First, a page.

Fallout 76 has plenty to do in its wasteland
If you have the same mission as your group leader, you yourself won’t get credit for completing the mission. Instead, you get rewards for completing the mission with your group leader.
When you leave a group that same mission will still be incomplete on your mission list. This means you can work as a team and complete the same mission twice and reap the rewards.
It’s a weird mission structure and also kind of annoying. Even though you get the experience points and caps for competing those missions with a group, you won’t get the item and weapon rewards that the group leader will get.
Fallout 76 is a different beast when it comes to how it plays and those looking to play this game just like Fallout 4 may be disappointed. Sure, most of the functions remain intact, but for the most part Fallout 76 plays more like a shooter now rather than the traditional slower-paced RPG shooting we are used to.
I quickly discovered that the game functions a little better and a lot faster than in previous titles. Shooting feels a lot smoother then it did before. That is until you get frame rate drops, but more on that later. The V.A.T.S. system remains in Fallout 76 but works more like an auto-assist here. I found myself using V.A.T.S. more than I thought I would. In light of this, V.A.T.S. is a great system to use when you are up against smaller and faster foes.
Inventory management is a massive chore
The biggest problem with Fallout 76 is inventory management. The longer I played, the more it started to feel like an inventory management game. Constantly having to worry about food and water is a chore. I felt like every half hour I had to consume half of my water supply just to keep going.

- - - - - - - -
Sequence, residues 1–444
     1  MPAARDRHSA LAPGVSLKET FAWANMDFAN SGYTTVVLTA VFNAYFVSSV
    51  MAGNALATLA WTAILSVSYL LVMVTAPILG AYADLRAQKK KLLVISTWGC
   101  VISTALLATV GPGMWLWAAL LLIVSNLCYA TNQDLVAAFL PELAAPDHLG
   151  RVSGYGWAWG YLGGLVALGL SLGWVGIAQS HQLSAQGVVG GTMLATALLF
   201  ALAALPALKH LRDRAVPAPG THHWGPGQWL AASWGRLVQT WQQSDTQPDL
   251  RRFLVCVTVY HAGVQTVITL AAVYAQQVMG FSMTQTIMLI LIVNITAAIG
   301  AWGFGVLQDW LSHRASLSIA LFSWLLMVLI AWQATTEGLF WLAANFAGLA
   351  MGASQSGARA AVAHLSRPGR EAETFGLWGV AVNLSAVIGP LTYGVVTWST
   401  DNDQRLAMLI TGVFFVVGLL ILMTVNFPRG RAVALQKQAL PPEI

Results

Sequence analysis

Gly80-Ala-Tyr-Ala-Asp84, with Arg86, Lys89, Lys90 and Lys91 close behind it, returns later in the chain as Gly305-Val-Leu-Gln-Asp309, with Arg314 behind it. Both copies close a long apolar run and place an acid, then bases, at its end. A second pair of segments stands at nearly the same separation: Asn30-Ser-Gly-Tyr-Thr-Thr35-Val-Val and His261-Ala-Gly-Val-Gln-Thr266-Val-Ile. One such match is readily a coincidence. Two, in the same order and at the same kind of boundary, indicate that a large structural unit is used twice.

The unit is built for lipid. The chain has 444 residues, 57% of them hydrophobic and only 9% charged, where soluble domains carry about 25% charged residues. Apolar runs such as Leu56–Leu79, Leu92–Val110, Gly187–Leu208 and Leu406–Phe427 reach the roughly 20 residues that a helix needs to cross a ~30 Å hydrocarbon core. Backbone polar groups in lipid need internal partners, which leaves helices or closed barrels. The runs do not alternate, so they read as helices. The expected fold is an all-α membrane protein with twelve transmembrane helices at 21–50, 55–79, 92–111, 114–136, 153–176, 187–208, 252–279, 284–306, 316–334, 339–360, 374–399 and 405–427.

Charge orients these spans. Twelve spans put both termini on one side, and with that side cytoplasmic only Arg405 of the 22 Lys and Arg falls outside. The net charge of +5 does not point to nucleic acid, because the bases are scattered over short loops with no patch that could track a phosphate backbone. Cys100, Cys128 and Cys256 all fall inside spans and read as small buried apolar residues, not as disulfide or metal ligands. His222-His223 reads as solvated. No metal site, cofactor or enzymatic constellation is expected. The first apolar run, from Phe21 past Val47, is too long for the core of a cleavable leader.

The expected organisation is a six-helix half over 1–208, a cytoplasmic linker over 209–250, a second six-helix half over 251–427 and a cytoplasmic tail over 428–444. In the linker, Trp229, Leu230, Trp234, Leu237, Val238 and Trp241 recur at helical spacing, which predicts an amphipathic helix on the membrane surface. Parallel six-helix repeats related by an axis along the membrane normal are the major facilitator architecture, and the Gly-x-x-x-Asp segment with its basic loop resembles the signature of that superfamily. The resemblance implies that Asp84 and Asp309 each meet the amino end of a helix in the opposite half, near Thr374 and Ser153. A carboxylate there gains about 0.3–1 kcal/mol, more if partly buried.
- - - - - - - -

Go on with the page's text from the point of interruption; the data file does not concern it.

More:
Weight is another big issue with Fallout 76. Of all the bugs and glitches the game has, seeing a message telling you that you’re over-encumbered is the most infuriating thing I’ve experienced in Fallout 76. Constantly having to watch what I carry and how much it weighs is a pain in the ass.
It really kills the idea of grabbing everything you find to scrap it for crafting materials since you constantly have to keep space for important things like armor and food and water.
Crafting plays a bigger role in Fallout 76 than it did in Fallout 4. Scrapping everything you find nets you all the materials you need to repair your gear and craft new new gear. Crafting new gear and weapons requires you to find blueprints, or you can buy them from the various robot vendors throughout West Virginia.
If you build it…….they’ll try and destroy it
The C.A.M.P. is also your mobile camp site and base if you chose to make it so. The C.A.M.P. is used to set up a safe haven for you and your teammates. You can build crafting stations and storage boxes at your camp. You can also craft furniture and build your own little base of operations with decorations and life-saving equipment like water purifiers to get clean water and gun turrets to protect your base.